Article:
Bill Buckner, an elite hitter for 22 seasons whose All-Star career was overshadowed by an infamous fielding error he made in the 1986 World Series, has died, according to Major League Baseball. He was 69.
His wife Jody told ESPN that Buckner was battling Lewy body dementia and was surrounded by his family before his death.
An outfielder and first baseman, Buckner played for the Los Angeles Dodgers, the Chicago Cubs, the Boston Red Sox, the California Angels and the Kansas City Royals. His playing career spanned parts of four decades, from 1969 to 1990.
Buckner won a batting title with the Cubs in 1980 (hitting .324), represented the Cubs in the 1981 All-Star Game and retired with a lifetime batting average of .289.
But his fielding error for the Red Sox against the New York Mets in Game 6 of the 1986 World Series came to overshadow his heroics at the plate.
The Red Sox led the series 3 games to 2 and were up 5-3 in the 10th inning of the pivotal sixth game at Shea Stadium. Buckner, hobbled by ankle injuries, was often replaced at first base by another player late in games, but Red Sox manager John McNamara chose to leave him in the field to start the bottom of the 10th.
The Red Sox got two quick outs — and were one strike away from their first title since 1918 — when things unraveled. Three singles and a wild pitch later, the game was tied.
Then the Mets’ Mookie Wilson hit a grounder that dribbled up the first-base line and went underneath the glove, and through the legs, of the normally sure-handed Buckner, leading to a 6-5 Mets win.
The Mets beat the Red Sox two nights later in the deciding seventh game. And the legend of the Curse of the Bambino — the notion that the Red Sox jinxed themselves by selling Babe Ruth to the Yankees in 1919 — grew larger.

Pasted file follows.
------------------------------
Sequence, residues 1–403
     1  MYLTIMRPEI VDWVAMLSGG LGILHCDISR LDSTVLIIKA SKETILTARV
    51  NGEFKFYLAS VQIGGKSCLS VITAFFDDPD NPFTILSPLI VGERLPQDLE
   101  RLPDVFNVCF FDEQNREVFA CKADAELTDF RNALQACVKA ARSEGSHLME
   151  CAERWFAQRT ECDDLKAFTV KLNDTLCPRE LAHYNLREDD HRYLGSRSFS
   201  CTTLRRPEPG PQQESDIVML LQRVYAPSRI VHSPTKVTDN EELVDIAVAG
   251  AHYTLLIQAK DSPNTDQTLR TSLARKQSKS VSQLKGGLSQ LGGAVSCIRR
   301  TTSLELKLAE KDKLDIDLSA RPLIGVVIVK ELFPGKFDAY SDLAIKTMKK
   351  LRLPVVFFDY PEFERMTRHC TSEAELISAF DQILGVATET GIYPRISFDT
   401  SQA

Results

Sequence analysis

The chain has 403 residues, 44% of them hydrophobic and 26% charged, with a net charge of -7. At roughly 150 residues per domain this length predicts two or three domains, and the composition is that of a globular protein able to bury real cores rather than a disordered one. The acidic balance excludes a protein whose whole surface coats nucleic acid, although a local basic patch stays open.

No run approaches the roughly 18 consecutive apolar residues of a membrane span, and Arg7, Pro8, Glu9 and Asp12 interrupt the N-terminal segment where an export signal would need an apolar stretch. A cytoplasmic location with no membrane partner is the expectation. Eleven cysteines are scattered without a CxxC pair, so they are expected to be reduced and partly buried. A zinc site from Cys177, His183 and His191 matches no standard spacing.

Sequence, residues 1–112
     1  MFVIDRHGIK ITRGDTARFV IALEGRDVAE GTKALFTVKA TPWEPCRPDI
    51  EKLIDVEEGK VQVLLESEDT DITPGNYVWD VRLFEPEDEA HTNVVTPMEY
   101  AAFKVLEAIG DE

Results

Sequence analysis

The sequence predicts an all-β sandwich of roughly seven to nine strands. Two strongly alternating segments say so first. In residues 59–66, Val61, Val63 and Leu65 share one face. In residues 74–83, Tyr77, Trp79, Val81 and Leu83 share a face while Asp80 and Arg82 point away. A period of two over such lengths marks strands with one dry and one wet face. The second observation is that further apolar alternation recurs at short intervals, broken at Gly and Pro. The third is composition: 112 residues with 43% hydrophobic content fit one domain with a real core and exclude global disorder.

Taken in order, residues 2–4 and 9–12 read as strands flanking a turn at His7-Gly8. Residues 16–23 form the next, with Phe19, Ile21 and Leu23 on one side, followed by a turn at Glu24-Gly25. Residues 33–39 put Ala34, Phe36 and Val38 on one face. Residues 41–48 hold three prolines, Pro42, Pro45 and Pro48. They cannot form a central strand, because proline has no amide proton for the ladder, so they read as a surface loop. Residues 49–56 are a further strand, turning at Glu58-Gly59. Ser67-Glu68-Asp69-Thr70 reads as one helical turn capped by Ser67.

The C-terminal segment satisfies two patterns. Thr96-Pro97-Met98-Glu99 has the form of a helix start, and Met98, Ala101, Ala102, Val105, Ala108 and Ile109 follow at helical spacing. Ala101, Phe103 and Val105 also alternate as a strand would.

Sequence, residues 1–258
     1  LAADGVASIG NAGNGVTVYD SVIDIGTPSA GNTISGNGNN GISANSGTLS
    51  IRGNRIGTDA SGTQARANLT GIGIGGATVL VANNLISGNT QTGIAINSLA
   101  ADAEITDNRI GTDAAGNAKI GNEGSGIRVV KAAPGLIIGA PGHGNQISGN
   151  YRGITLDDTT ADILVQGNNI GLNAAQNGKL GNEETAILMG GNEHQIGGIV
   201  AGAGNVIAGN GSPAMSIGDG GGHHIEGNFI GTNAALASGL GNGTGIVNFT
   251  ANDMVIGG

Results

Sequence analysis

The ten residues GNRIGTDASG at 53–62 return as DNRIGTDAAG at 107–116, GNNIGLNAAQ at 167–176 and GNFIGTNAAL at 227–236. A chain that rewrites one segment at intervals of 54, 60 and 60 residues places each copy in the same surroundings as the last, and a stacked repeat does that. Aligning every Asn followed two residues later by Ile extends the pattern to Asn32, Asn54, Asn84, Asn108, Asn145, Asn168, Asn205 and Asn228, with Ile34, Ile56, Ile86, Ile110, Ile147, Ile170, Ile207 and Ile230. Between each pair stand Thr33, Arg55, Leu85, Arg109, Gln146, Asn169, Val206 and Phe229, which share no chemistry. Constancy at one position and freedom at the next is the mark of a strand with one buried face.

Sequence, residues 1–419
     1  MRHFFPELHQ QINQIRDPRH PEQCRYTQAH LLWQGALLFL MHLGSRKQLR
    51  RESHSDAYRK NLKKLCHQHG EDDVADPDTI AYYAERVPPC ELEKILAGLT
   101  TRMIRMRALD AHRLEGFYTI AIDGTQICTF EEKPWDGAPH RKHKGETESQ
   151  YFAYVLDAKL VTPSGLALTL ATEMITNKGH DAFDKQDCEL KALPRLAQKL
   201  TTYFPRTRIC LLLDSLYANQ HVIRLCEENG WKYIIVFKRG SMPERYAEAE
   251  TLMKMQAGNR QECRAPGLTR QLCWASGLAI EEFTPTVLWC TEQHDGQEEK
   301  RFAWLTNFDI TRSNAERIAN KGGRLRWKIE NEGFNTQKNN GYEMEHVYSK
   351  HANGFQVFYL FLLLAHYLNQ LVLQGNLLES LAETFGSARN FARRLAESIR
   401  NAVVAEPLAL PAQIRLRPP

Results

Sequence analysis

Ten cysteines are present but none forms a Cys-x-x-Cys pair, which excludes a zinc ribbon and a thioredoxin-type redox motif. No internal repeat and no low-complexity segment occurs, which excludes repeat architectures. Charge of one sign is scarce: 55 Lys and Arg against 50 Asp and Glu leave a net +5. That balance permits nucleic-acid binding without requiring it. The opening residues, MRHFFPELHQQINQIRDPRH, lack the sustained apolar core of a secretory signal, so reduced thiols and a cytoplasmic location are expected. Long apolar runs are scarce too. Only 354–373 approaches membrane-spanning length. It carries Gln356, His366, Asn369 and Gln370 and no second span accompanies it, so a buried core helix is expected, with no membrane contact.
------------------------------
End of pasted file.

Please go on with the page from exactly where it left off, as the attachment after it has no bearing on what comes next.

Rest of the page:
Buckner became a scapegoat for the team’s hard-luck loss and endured boos and even death threats from angry Boston fans. The Red Sox released him midway through the next season, but he briefly returned to the Red Sox in 1990 as a free agent.
After retirement Buckner moved with his family to Idaho, out of the media spotlight. Boston fans eventually forgave and even embraced him. The Red Sox, who finally won the World Series in 2004 and again in 2007, invited him back to Fenway Park to throw out the first pitch at the team’s home opener in 2008. Buckner received a standing ovation.
Over his career Buckner’s smooth, left-handed swing produced 2,715 hits, 174 home runs and 1,208 runs batted in. He led the National League in doubles in 1981 and tied for the league lead in doubles two years later.
“We had developed a friendship that lasted well over 30 years,” Mookie Wilson said Monday in a statement released by the Mets. “I felt badly for some of the things he went through. Bill was a great, great baseball player whose legacy should not be defined by one play.”